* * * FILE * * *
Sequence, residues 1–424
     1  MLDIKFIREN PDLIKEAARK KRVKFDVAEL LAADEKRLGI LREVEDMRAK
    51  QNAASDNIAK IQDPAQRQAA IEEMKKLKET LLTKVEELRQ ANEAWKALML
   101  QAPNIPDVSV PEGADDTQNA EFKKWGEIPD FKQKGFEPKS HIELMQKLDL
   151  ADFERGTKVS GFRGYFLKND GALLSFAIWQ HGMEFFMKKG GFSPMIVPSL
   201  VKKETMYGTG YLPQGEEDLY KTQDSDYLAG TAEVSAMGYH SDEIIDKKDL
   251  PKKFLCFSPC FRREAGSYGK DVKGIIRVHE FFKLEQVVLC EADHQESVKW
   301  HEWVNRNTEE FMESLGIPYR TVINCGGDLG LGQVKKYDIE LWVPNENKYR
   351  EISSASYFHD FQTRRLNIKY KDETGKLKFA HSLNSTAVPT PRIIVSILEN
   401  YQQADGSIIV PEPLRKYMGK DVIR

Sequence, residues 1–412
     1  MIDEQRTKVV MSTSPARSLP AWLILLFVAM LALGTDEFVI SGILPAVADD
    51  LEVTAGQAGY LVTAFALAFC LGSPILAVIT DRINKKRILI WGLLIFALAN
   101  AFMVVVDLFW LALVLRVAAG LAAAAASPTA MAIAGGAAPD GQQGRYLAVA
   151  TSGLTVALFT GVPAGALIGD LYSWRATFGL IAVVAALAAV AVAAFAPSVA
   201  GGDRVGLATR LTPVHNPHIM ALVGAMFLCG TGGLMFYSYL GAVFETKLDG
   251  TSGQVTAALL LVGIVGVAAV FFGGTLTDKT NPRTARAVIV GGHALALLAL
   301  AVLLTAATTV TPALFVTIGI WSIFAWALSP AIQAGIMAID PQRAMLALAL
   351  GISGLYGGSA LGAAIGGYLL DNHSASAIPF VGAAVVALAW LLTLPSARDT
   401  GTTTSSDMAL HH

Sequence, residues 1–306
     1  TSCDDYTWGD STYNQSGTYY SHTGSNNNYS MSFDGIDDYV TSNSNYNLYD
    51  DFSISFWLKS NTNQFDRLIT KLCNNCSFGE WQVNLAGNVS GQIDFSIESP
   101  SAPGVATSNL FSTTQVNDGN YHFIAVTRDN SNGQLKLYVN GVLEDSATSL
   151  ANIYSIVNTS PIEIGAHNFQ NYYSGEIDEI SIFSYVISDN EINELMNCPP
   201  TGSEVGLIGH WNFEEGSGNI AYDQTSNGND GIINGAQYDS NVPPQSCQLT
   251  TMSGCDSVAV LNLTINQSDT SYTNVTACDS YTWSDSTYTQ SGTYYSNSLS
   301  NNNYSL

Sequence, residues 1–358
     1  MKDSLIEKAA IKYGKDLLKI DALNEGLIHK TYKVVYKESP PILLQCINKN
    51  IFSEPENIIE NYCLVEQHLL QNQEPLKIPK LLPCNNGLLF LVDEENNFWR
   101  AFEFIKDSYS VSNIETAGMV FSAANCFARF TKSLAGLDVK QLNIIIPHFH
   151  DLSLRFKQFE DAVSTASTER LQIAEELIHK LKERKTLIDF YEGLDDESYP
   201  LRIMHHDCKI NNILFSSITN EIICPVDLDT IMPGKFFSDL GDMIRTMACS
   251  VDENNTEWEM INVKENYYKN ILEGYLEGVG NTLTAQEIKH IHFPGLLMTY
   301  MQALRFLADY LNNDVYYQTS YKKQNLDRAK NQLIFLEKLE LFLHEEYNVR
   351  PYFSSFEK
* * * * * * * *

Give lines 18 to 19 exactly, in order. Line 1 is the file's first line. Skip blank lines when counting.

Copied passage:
   301  AVLLTAATTV TPALFVTIGI WSIFAWALSP AIQAGIMAID PQRAMLALAL
   351  GISGLYGGSA LGAAIGGYLL DNHSASAIPF VGAAVVALAW LLTLPSARDT